Bertrand de Jouvenel: The Conservative Liberal and the Illusions of Modernity by Daniel J. Mahoney
For Daniel Mahoney, author of two celebrated works on Raymond Aron and Aleksandr Solzhenitsyn, Bertrand de Jouvenel is one of the greatest though most underappreciated political philosophers of the 20th century—a thinker in the mold, if not quite at the rank, of Alexis de Tocqueville.
Jouvenel was concerned with the danger of state power (and hence often miscast as a libertarian), but also with the need to develop conscious public and private strategies to form better citizens and to protect the natural environment. His political thought aimed in no small part at dispelling "the illusions of modernity," though without ever abandoning belief in founding a moderate and rational political science that could improve liberal democracy. The core of Jouvenel's work, according to Mahoney, is found in three "masterworks of political philosophy" written between 1945 and 1963: On Power (the best known of Jouvenel's books), Sovereignty (the most profound), and The Pure Theory of Politics (the most provocative).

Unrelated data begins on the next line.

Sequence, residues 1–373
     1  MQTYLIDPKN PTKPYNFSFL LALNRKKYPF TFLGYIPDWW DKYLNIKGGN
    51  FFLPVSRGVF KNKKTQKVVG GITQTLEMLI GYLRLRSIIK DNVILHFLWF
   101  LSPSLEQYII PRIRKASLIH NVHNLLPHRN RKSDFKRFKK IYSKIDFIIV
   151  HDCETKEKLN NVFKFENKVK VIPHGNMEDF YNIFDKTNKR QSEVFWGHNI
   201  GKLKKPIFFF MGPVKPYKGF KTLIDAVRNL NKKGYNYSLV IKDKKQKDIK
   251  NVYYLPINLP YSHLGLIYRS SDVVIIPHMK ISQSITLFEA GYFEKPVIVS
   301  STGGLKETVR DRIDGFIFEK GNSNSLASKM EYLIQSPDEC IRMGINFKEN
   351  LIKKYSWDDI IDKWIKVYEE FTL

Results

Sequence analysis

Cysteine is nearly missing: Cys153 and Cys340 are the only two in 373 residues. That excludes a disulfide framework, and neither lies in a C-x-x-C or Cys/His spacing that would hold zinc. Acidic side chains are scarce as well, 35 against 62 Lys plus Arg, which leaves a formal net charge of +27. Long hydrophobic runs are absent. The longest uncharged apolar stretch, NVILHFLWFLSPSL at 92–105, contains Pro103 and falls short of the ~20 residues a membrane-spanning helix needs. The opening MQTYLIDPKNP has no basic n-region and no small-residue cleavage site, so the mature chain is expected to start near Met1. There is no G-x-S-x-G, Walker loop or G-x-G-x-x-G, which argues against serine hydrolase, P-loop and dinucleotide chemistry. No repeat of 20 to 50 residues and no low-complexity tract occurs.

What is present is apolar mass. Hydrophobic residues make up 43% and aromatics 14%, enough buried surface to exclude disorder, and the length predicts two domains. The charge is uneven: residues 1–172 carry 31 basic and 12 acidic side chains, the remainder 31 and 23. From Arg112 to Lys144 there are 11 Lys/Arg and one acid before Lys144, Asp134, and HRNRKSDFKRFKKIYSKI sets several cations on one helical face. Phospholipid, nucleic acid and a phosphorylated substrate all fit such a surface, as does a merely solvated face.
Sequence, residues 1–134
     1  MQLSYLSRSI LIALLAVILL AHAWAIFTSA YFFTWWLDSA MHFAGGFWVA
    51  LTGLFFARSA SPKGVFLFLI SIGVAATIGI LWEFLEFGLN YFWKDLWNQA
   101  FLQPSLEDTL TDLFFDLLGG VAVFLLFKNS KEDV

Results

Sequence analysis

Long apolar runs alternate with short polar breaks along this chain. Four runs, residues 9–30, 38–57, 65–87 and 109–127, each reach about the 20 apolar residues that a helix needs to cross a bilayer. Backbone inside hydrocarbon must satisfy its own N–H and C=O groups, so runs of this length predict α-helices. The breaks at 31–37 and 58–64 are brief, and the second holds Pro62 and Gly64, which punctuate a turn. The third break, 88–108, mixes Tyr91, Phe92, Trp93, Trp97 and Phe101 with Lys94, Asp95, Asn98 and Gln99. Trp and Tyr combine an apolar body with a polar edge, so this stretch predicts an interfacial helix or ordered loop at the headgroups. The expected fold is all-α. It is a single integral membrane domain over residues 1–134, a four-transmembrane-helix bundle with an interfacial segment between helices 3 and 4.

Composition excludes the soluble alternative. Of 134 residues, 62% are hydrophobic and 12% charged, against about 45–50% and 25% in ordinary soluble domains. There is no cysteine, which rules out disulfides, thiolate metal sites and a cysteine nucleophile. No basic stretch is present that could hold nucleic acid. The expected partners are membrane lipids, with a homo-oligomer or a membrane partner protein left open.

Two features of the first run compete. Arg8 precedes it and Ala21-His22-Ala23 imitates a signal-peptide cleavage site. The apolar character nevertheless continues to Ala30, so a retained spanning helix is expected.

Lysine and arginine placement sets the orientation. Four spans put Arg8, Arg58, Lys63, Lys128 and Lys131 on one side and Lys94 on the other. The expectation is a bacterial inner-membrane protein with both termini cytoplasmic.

Mahoney candidly explores Jouvenel's life—including his dalliances before World War II with both the far Left and the far Right, and his awkward efforts after 1968 to ingratiate himself again with the Left. Mahoney concludes that Jouvenel's thought deserves to be distinguished from his weaknesses, though not fatal flaws, of character: "The sympathetic student of Jouvenel is torn between profound admiration for the wise and humane political philosopher and unavoidable discomfort with the poor practical judgment he regularly displayed in the opening and closing periods of his intellectual career."
—James W. Ceaser
University of Virginia
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This article appeared in the Spring 2006 issue of the Claremont Review of Books